How What You Think Affects What You Do

Thinking and Behavior_Oceanside Malibu

Lots of attention has been paid to the physical factors that influence
addiction such as tolerance and withdrawal effects. Far less attention
has been devoted to understanding the psychological influences that
get people stuck. Here is a discussion of some of the most common factors
that can keep people stuck in addictive behavior.

Disturbing, confusing, troubling events occur to everyone in the
course of living, even those who have had relatively protected lives.
Let’s think of a traumatic event as one whose memory continues
to be troubling even though the event is long finished. Just recalling
the event triggers painful emotions that affect thinking and behavior.
Life begins to go off track and the person is stuck in pain and despair.
Addictive behavior often begins as the solution to the hurt. When the
painful memories are neutralized by effective psychological treatment,
energy is released that automatically fuels positive behavior change.

The human mind, because it is protective, will remember all the
details of a disturbing event and be on the alert for any detail that
looks similar. The problem is that what is noticed as similar is
perceived as the same. This explains why the firecracker outside
causes the decorated Army combat veteran to dive behind the couch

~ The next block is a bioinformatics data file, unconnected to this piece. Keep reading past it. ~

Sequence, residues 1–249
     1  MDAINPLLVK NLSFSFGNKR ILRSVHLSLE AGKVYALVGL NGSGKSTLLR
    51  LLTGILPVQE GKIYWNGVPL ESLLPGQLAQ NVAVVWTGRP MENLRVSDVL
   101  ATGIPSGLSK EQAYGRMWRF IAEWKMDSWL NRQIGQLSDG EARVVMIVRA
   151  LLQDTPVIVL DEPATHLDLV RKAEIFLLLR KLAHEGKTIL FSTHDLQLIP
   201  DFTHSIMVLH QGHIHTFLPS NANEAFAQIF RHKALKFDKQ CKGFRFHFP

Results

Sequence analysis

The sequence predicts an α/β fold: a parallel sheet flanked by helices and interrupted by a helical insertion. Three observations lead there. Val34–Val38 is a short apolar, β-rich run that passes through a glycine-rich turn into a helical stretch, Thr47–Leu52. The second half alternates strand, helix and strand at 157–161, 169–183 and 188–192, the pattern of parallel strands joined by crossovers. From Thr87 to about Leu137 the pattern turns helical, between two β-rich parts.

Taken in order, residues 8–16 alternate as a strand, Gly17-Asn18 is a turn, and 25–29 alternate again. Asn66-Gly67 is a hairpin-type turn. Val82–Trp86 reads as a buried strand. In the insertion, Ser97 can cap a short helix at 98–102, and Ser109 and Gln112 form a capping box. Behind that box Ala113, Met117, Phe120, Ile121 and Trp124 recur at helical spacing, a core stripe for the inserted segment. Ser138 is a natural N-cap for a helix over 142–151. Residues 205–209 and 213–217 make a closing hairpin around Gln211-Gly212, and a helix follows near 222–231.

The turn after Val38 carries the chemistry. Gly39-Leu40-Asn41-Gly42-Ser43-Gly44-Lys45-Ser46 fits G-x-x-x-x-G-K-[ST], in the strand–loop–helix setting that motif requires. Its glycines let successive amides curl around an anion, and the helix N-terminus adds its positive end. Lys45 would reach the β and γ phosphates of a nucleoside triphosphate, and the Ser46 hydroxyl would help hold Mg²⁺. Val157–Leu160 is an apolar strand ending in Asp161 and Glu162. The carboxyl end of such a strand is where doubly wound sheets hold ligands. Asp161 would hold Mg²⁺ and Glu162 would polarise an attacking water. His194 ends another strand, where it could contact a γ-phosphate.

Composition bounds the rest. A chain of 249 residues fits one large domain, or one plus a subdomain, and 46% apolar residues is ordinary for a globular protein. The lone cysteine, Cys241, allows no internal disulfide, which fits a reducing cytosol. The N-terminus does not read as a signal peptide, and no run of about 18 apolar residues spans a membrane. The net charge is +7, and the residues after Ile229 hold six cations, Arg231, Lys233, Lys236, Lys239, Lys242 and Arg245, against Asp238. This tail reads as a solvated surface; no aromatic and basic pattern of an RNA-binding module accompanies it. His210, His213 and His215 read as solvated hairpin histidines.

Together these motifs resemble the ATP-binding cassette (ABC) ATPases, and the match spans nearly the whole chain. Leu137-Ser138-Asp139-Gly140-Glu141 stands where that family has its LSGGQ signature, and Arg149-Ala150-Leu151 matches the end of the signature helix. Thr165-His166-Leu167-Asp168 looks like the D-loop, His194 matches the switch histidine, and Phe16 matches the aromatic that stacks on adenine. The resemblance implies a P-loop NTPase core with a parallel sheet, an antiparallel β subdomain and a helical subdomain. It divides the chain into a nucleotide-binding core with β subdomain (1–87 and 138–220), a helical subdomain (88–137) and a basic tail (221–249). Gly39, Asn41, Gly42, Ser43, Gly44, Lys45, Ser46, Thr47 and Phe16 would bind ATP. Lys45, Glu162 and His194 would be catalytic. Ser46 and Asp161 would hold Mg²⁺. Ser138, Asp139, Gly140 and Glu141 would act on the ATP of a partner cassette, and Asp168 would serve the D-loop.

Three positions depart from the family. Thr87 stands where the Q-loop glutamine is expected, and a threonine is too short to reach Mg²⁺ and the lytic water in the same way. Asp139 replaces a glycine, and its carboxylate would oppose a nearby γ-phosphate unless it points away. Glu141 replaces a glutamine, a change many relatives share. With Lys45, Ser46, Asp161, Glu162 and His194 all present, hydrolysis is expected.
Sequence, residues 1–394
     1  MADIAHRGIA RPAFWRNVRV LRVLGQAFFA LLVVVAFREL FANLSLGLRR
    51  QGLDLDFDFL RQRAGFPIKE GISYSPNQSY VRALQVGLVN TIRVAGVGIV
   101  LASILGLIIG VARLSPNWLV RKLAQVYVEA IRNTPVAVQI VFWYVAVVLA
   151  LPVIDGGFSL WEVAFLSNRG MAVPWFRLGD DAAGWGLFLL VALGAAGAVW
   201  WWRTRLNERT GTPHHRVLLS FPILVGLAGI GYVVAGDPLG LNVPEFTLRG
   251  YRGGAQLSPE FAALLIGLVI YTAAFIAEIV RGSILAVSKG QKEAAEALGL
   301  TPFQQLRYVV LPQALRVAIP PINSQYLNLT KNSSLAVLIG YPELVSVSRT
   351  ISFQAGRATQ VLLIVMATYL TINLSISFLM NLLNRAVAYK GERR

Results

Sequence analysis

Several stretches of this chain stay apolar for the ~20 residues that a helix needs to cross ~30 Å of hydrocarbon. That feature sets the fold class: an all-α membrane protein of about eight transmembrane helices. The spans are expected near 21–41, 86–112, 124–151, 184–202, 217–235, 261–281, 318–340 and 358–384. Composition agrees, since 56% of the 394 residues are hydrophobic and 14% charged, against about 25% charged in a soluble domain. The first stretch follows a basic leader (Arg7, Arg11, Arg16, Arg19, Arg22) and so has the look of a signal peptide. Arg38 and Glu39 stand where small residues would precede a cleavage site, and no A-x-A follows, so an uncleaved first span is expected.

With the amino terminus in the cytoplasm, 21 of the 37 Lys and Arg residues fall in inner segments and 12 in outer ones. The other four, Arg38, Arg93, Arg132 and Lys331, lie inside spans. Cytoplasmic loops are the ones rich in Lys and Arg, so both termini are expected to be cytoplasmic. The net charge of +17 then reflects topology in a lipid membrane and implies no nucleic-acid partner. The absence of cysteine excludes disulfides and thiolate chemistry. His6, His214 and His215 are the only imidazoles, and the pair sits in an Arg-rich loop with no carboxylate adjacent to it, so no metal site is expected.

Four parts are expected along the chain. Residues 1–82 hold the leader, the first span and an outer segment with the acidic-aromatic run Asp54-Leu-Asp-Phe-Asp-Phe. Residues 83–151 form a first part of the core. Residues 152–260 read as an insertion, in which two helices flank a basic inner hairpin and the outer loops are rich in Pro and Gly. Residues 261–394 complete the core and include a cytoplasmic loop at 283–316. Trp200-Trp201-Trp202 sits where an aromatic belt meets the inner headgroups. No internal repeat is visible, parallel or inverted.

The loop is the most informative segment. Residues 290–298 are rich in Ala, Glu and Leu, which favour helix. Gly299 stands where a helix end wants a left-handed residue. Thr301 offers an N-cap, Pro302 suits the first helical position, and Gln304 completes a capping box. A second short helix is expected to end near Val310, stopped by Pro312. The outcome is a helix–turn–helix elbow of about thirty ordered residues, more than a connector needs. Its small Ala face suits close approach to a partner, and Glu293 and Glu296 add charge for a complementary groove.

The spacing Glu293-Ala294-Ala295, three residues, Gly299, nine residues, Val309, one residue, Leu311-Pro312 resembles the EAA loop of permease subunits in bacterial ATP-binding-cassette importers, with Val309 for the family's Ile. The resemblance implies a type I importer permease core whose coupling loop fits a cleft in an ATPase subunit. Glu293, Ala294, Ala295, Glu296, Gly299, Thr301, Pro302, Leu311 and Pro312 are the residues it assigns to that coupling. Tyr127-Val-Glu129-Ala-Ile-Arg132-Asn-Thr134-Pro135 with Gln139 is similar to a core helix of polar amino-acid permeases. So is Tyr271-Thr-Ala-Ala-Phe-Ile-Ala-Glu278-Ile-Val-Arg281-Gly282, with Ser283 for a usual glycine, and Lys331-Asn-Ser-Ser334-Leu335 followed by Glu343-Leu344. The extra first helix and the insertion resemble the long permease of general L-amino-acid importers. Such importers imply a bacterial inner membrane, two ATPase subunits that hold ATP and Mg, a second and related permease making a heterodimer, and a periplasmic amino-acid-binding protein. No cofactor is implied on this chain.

shaking with fear. Even though this similar-same confusion operates
on a subconscious level it can be corrected with effective treatment.

Painful emotions are often the legacy of traumatic experiences.
Anger, grief, fear and guilt consume huge amounts of energy and
drain a person of enthusiasm and motivation. These emotions are
almost always worse than useless and contribute in a major way
to stuckness. Although many people may not realize it, painful
emotions can be eliminated rapidly with effective treatment.

How we think about who we really are is a big deal. A negative
identity almost always contributes to unwanted behavior. Traumatic
events often lead to a distorted and negative perceived identity,
the person’s takeaway being ‘I’m just a worthless piece of crap’ or
something similar. When behavior is confused with identity positive
change becomes difficult or even impossible. Even experiences
intended to be therapeutic can cause harmful distortions in perceived
identity. For example, the time honored requirement to own the
behavior and state ‘I am an addict’can have disastrous unintended
consequences. The key phrase is of course ‘I am’. Identity is usually
perceived as unchanging and permanent. So if one ‘is’ something,
how does one not be it? Confusing identity with behavior is a huge
contributor to being stuck.

Many addicts get stuck in some area of life. The human mind, especially
the more primitive subconscious mind, doesn’t deal well with negation.
It’s sort of like asking your server in a restaurant to not bring you
chicken. It’s a good start but needs to be followed with what you do want.
Speaking and thinking only in negation keeps people stuck.

The only animal on the planet that attaches meaning to events is the
human animal. We’re really good at it and we do it all the time. When
the meaning is positive there’s usually no problem. But when the
meaning is negative it can be a big problem that causes even more
painful emotion. The meaning the human mind attaches to events is,
of course, a major source of false beliefs.

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